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  Reply # 304662 5-Mar-2010 08:03
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michaelt:
yuxek: i wonder why they don't just text message all their cdma customers 1 month in advance before the network closes instead of putting ads in newspapers? or can't they tell which numbers are on xt and which on cdma?

millions are probably still on cdma because XT went live only last year.


As already mentioned, Telecom have made an effort to move their customers over to XT. On Account customers will get free/subsidised phones, and for the Prepaid market they're ending (or maybe already have) CDMA $10 txt, while introducing unlimited $12 txt on XT. Most of the customers they'll have left by June 2012 will be very light cellphone users, I'd imagine a large number of them only turn on their cellphones every few months or don't know how to read a text message.


$10 TXT has not ended, it was recently extended indefinately.


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  Reply # 304670 5-Mar-2010 08:39
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The problem with CDMA users on Onebill will loose that feature and have to go to prepay of a plan of some sort. My wife intends to stay on CDMA until it closes down.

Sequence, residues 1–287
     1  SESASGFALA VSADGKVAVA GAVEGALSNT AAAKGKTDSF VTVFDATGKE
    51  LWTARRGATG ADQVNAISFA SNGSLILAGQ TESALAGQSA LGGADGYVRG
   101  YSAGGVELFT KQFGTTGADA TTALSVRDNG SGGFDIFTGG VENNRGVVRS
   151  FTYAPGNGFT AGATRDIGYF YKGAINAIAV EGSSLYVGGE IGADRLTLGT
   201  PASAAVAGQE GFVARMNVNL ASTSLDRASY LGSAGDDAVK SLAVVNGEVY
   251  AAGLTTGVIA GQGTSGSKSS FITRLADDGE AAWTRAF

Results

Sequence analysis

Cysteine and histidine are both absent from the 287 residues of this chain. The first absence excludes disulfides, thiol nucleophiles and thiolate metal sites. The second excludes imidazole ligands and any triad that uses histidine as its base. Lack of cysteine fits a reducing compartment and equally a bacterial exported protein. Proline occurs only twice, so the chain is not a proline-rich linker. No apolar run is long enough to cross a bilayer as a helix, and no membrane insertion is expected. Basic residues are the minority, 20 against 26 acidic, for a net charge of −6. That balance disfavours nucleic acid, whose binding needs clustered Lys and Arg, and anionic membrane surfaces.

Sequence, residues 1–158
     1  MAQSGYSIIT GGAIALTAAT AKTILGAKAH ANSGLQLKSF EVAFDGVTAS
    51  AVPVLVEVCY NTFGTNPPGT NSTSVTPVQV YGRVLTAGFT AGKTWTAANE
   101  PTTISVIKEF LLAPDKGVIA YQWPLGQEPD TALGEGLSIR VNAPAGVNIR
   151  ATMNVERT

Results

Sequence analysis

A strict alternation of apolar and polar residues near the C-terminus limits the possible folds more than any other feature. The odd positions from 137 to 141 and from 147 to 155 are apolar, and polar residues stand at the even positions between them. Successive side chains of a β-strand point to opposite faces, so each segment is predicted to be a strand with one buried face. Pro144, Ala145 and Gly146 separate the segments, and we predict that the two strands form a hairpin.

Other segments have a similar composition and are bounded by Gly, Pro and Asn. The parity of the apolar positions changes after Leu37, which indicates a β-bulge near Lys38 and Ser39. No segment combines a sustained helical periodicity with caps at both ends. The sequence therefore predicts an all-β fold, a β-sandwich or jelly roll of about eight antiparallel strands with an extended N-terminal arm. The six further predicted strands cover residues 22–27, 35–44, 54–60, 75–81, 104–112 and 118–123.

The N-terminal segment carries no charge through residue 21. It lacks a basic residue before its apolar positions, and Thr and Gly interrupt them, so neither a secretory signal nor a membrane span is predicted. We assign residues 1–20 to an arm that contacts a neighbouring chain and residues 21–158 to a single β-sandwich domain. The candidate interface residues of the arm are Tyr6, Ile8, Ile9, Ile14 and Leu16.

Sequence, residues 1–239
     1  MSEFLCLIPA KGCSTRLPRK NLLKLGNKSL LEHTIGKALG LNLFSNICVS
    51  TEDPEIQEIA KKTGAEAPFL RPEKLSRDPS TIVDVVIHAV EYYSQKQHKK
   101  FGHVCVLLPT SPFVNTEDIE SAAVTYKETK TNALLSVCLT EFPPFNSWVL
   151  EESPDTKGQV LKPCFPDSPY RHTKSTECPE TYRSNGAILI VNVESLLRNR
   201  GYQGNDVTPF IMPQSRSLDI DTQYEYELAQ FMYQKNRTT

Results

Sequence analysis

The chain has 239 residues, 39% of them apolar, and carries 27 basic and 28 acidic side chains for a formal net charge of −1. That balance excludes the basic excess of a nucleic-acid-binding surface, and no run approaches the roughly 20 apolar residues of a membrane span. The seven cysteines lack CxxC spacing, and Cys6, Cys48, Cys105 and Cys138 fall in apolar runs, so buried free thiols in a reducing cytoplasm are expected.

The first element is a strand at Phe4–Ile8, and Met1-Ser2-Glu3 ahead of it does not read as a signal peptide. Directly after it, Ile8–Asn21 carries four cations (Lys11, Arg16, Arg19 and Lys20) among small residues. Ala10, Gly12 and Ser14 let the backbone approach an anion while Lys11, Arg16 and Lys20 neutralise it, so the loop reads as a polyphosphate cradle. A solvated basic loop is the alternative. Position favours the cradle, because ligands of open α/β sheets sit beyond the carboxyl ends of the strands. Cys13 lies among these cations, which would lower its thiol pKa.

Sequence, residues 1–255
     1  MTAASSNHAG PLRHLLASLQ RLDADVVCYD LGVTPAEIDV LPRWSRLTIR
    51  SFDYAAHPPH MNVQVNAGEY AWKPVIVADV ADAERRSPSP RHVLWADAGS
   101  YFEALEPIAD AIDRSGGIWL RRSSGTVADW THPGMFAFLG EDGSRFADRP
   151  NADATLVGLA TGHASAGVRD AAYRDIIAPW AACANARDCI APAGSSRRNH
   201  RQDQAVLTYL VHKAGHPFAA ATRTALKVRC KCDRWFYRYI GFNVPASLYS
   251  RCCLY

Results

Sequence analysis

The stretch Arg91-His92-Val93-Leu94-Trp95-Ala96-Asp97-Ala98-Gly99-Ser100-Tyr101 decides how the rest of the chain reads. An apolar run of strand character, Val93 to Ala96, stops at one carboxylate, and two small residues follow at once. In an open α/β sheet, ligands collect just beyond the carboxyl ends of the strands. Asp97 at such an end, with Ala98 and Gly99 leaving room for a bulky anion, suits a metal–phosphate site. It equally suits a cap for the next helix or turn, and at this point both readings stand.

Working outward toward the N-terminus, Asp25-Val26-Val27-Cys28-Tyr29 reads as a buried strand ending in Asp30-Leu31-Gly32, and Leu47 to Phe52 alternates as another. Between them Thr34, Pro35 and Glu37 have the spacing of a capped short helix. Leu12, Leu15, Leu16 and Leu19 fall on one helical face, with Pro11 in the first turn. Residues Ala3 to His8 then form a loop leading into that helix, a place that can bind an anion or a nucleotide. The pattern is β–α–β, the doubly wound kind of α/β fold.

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Old3eyes


 
 
 
 


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  Reply # 304761 5-Mar-2010 13:52

old3eyes: The problem with CDMA users on Onebill will loose that feature and have to go to prepay of a plan of some sort. My wife intends to stay on CDMA until it closes down.


I feel sorry for your wife and anyone else who is on the old CDMA network having to put up with those poorly made phones. I know some were good, but 90% were terrible! In 2 years those phones will be paper-weights.

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  Reply # 304789 5-Mar-2010 15:03
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Most 2 year old phones are best used as paper weights anyway

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  Reply # 304800 5-Mar-2010 15:13
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Regs: SKY TV shut down their UHF feed when there were still subscribers on it. The Satellite services costs more so all the UHF subscribers were losing a cheaper service. They decided to give the UHF subscribers free sat upgrades and leave them at the old price for the next 12 months, after which all their subscriptions will go up. I expect that by the time they made this decision, keeping the old UHF network running was probably starting to cost them money.

I expect that Telecom will allow you to upgrade to a new XT prepaid plan and keep your credit (and phone number). They most likely already do. I doubt they will give you a free phone on prepaid though.


Sky's UHF broadcast contract with Kordia ends in March 2010 so the UHF network was going to end on that date unless an economic deal for a smaller UHF subs base was reached.  I think you'll find that Sky made the decision a long time ago - and communicated it in annual reports etc.